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News Tron coaster coming to the Magic Kingdom

gerarar

Well-Known Member
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Hi, sorry, I'm gonna be the stupid question asker here...

But they're not done installing the track are they? I mean, there's gotta be more to it... right?
It just seems like it kind of stopped and now I see they're starting on the building walls.

Thanks!
The indoor portion of the track is finished, hence why they're moving onto the showbuilding now. As for the outside portions, I believe the concrete footings are in place (from recent pics), but the track has yet to still be installed. In the recent aerials by Bio, you can see the rest of the track staged somewhere backstaged on property.
 

Mac Tonight

Well-Known Member
The indoor portion of the track is finished, hence why they're moving onto the showbuilding now. As for the outside portions, I believe the concrete footings are in place (from recent pics), but the track has yet to still be installed. In the recent aerials by Bio, you can see the rest of the track staged somewhere backstaged on property.
OK thanks. That's what I was thinking. I mean, I already know its on the shorter end of roller coasters, but if that was all there was, I was gonna be even more disappointed.
 

gerarar

Well-Known Member
OK thanks. That's what I was thinking. I mean, I already know its on the shorter end of roller coasters, but if that was all there was, I was gonna be even more disappointed.
Just for reference, I believe this is where the indoor portion begins/resumes after from your little excursion outside. So everything before this would be outdoor track/under the canopy.
389306
 

matt9112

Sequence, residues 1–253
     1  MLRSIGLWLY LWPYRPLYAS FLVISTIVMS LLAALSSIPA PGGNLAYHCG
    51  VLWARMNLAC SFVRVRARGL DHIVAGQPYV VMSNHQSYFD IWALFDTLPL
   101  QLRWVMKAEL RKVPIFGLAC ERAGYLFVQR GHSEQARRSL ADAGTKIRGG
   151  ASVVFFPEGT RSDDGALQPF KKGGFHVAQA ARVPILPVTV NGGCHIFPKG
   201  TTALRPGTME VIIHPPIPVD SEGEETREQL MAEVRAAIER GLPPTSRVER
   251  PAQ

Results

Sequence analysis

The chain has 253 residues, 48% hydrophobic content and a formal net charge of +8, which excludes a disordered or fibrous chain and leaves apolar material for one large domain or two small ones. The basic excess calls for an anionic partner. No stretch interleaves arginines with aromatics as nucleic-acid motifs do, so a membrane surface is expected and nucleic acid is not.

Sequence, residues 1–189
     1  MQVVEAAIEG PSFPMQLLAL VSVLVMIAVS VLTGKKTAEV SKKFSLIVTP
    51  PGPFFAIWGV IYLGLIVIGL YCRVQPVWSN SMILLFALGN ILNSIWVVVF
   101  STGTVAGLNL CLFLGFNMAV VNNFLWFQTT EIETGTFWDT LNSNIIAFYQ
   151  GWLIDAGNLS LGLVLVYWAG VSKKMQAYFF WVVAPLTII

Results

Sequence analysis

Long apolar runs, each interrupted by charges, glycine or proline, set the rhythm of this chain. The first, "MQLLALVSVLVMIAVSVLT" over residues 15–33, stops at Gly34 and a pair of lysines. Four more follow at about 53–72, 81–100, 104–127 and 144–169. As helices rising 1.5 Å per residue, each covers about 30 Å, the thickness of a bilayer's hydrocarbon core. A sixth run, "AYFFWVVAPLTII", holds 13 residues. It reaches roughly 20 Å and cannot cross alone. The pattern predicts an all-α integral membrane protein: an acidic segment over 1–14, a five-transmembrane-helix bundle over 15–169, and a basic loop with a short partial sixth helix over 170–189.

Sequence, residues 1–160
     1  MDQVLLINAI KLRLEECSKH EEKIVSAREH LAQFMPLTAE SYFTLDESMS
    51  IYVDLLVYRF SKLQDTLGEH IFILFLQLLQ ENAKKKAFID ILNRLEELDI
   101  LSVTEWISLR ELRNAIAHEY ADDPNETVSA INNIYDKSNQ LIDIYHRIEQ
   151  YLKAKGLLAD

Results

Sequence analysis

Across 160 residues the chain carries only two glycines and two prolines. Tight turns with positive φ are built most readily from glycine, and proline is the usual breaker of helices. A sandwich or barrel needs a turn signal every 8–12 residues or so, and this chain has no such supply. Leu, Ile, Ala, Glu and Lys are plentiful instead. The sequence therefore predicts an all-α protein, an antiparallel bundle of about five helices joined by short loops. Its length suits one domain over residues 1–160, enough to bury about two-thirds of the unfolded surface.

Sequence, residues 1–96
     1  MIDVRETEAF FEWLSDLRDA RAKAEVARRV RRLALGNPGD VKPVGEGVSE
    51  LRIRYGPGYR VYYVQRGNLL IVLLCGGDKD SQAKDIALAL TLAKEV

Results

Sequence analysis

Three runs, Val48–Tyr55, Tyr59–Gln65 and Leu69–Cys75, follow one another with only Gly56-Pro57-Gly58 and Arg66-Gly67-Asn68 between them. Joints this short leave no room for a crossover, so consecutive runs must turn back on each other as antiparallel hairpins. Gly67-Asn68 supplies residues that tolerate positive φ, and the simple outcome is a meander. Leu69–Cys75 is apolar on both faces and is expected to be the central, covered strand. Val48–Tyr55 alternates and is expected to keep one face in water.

Well-Known Member
The indoor portion of the track is finished, hence why they're moving onto the showbuilding now. As for the outside portions, I believe the concrete footings are in place (from recent pics), but the track has yet to still be installed. In the recent aerials by Bio, you can see the rest of the track staged somewhere backstaged on property.
to be clear the coaster is very short and is nothing special from a coaster stand point. its biggest novelty is the seating that sort of went the way of the dinosaur from old steeplechase coasters. im not saying it wont be fun im excited but expectations need to be kept grounded.
 

Bocabear

Well-Known Member
to be clear the coaster is very short and is nothing special from a coaster stand point. its biggest novelty is the seating that sort of went the way of the dinosaur from old steeplechase coasters. im not saying it wont be fun im excited but expectations need to be kept grounded.
The launch is very thrilling...... the rest of the outdoor portion is a throwaway... just done to look cool from outside but adds nothing to the experience. The ride would be better had the entire thing been withing the interior TRON grid...
It's a fun ride... It is just not as amazing as I was anticipating... we did go on it 4 times in a row...so it was certainly fun.
 

EricsBiscuit

Well-Known Member
MK’s skylines have been a cluster since 1975 and Tron is far superior to Space Mountain. I see no issue with this addition. It’s not like Disney would have spent the money on a kick posterior non ip e ticket in Adventureland. They probably would have killed the Liberty Belle and TSI instead.
 

Missing20K

Well-Known Member
Which is why it's annoying that after 50 years of Disney keeping sightlines at MK largely intact they now are willing to accept a massive, undisguised warehouse on the edge of the park.